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Un Pronóstico Incierto para la Confección en Panamá
Bobbin / February 1996

By Larry Luxner

With just four years to go before U.S. troops leave their country forever, Panama's 2.4 million citizens no longer talk about expelling the yanquis but wonder how they can be persuaded to stay a little bit longer.

They're also debating what to do with an estimated 100,000 acres of the former U.S. Canal Zone that will revert to Panama between now and Dec. 31, 1999, the day the canal itself is supposed to be given back to Panama.

Some politicians here advocate turning much of that area into a center for apparel and electronics assembly, pointing out that Panama derives only 9% of its gross national product from manufacturing, and that the country's apparel sector is by far the smallest of any of Central America's six Spanish-speaking republics. One reason manufacturing is so small is Panama's relatively high wages and its generous labor code, which legislators -- under pressure from the business community -- are now in the process of revising.

Panama is already home to the Colón Free Zone, the largest of its kind in the Western Hemisphere, where more than 1,600 companies have facilities for the importing, storing, assembling and re-exporting of goods. Founded in 1952, the free zone consists of streets and avenues laid out in a net grid and surrounded by a high wall. Within its boundaries, Arab, Jewish, Hindu, Chinese and European businessmen display a variety of expensive merchandise from all over the world.

During the first 10 months of 1994, overall trade at the zone reached $8.848 billion, an 11.5% jump over the same period in 1993. Imports totaled $4.2 billion, up 11.9%, while re-exports of designer clothing, electronics, liquor and other luxury goods from the Far East to Central and South America came to $4.7 billion, up 11.7%.

That's a record high, though many here worry that with the advent of a proposed Free Trade Area of the Americas by 2005, the zone's attractiveness as a duty-free mecca will be diminished. Meanwhile, the U.S. Embassy estimates that the 8,000 troops now in Panama -- down from 10,000 a few years ago -- pump $350 million into the local economy each year.

"These troops spend $20 million a year just on liquor and cigarettes," said Bob Baker, a local businessmen who sells luxury items to U.S. military personnel and their families. "When you consider the trickle-down effect, over 30,000 civilians will be out of jobs when they leave."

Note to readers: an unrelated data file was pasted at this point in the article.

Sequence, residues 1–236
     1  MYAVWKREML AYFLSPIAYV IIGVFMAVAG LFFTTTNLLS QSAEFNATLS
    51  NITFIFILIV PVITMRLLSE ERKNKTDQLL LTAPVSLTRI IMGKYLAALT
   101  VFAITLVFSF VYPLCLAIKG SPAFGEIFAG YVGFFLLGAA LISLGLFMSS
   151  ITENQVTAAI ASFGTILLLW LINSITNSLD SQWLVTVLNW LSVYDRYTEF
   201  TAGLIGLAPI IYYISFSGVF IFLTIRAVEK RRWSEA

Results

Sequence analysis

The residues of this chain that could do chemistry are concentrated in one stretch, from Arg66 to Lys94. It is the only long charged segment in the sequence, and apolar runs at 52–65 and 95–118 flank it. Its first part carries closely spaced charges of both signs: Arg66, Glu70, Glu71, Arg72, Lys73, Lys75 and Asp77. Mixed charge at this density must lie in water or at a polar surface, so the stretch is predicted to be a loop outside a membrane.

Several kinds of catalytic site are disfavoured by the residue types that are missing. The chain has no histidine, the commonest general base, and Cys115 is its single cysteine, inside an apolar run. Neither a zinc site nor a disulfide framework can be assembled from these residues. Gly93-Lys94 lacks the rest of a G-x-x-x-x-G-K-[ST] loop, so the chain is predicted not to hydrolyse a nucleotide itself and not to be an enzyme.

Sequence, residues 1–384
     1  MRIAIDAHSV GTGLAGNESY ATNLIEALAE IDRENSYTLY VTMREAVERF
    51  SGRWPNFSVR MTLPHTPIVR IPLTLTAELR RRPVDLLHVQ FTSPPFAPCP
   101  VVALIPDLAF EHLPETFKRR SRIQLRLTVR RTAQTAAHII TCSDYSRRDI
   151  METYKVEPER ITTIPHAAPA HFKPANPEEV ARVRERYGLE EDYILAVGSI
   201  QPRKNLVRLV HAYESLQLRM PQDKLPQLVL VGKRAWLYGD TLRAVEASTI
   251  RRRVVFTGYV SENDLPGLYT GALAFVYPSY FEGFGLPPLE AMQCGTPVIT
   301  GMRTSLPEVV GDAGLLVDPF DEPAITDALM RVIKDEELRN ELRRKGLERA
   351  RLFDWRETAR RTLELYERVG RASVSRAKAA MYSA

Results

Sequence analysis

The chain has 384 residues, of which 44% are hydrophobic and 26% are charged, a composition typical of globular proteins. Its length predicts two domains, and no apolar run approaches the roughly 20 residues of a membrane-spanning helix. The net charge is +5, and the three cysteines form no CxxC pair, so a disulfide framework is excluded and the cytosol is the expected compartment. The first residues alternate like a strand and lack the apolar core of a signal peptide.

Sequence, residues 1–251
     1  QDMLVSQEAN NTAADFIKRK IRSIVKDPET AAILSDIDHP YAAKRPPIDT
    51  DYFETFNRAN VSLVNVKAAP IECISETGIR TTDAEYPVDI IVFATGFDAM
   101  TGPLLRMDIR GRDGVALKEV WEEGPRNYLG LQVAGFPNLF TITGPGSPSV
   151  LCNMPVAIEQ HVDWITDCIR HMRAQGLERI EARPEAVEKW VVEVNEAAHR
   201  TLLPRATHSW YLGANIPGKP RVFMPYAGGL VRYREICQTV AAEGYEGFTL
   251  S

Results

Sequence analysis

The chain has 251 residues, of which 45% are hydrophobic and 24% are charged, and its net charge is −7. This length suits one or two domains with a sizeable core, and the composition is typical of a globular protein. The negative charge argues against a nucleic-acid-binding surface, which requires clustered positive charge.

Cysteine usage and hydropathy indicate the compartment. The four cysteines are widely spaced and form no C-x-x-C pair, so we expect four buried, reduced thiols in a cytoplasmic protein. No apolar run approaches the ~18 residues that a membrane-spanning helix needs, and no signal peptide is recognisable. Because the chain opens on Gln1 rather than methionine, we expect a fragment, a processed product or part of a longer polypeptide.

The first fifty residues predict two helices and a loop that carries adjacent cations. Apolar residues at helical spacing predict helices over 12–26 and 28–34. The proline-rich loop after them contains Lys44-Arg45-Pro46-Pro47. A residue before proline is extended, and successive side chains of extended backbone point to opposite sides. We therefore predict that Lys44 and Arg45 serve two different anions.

That number is impossible to verify, but it's no secret that Panamanians are clearly worried. A recent poll commissioned by a leading newspaper, La Prensa, showed that over 80% of those questioned would like the Americans to stay on well into the 21st century.

With the return of the Panama Canal looming only four years away, Panamanian President Ernesto Pérez Balladares is hoping these so-called "reverted areas" will pump badly needed cash into his country's coffers.

Part of the former Canal Zone has already been given back to Panama, although the bulk of the estimated 4,850 buildings and military bases won't revert back until the latter half of the 1990s. Late last year, the Washington consulting firm National-Intercarib Associates was selected to carry out a $4.5 million feasibility study on developing the reverted areas.

Meanwhile, the governments of Panama and Taiwan are studying the creation of a joint-venture industrial park in just-returned Fort Davis, in which Panamanians would provide 100 hectares of land and the Taiwanese the capital. Tax and financial incentives are already offered to foreign and local investors to encourage them to invest in manufacturing, export-oriented ventures and tourist facilities. These benefits are usually provided through a contract negotiated between the company concerned and the Ministry of Commerce and Industry. All entities receiving these benefits must pay a special 3% tax on the total taxes and fiscal charges exempted.

To qualify for the incentives, a firm must produce finished products from the processing or assembly of raw materials and semi-processed goods. Benefits may last for 15 years for companies producing for export or local consumption, and up to 20 years for companies willing to set up factories in specific areas.

Yet Fred Denton, executive director of the American Chamber of Commerce and Industry of Panama, questions whether apparel will ever become an important part of Panama's export sector.

"I doubt if they'll do much in apparel manufacturing, because labor is too expensive and not as productive," he said. "We had a Taiwanese company, Green Bay, here with 1,500 people, and they left last year because they couldn't stay in business anymore. They gradually distributed their operations to the Dominican Republic and Honduras, and some business even went back to the States."

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